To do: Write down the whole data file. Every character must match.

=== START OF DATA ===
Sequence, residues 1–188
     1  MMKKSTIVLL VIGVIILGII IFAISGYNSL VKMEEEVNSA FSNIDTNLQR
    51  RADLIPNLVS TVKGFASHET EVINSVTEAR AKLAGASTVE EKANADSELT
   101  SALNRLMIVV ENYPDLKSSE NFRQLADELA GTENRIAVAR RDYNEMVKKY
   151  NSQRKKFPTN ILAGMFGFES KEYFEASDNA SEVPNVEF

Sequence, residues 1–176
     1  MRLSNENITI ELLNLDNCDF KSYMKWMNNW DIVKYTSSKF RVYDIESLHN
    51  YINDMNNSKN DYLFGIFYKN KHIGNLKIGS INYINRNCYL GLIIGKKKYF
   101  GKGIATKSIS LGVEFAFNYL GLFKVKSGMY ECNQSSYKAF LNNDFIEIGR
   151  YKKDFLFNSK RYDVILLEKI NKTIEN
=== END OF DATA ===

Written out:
Sequence, residues 1–188
     1  MMKKSTIVLL VIGVIILGII IFAISGYNSL VKMEEEVNSA FSNIDTNLQR
    51  RADLIPNLVS TVKGFASHET EVINSVTEAR AKLAGASTVE EKANADSELT
   101  SALNRLMIVV ENYPDLKSSE NFRQLADELA GTENRIAVAR RDYNEMVKKY
   151  NSQRKKFPTN ILAGMFGFES KEYFEASDNA SEVPNVEF

Sequence, residues 1–176
     1  MRLSNENITI ELLNLDNCDF KSYMKWMNNW DIVKYTSSKF RVYDIESLHN
    51  YINDMNNSKN DYLFGIFYKN KHIGNLKIGS INYINRNCYL GLIIGKKKYF
   101  GKGIATKSIS LGVEFAFNYL GLFKVKSGMY ECNQSSYKAF LNNDFIEIGR
   151  YKKDFLFNSK RYDVILLEKI NKTIEN